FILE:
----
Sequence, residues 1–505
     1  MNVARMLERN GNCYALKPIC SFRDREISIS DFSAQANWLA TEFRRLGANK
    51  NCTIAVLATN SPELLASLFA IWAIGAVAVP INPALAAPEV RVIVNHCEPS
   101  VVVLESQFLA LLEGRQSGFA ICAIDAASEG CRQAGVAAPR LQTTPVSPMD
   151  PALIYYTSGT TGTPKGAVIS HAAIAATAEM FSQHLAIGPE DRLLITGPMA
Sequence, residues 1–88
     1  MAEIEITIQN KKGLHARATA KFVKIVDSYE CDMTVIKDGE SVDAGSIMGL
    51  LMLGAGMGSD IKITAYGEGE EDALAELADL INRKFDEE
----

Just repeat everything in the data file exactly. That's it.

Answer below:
Sequence, residues 1–505
     1  MNVARMLERN GNCYALKPIC SFRDREISIS DFSAQANWLA TEFRRLGANK
    51  NCTIAVLATN SPELLASLFA IWAIGAVAVP INPALAAPEV RVIVNHCEPS
   101  VVVLESQFLA LLEGRQSGFA ICAIDAASEG CRQAGVAAPR LQTTPVSPMD
   151  PALIYYTSGT TGTPKGAVIS HAAIAATAEM FSQHLAIGPE DRLLITGPMA
Sequence, residues 1–88
     1  MAEIEITIQN KKGLHARATA KFVKIVDSYE CDMTVIKDGE SVDAGSIMGL
    51  LMLGAGMGSD IKITAYGEGE EDALAELADL INRKFDEE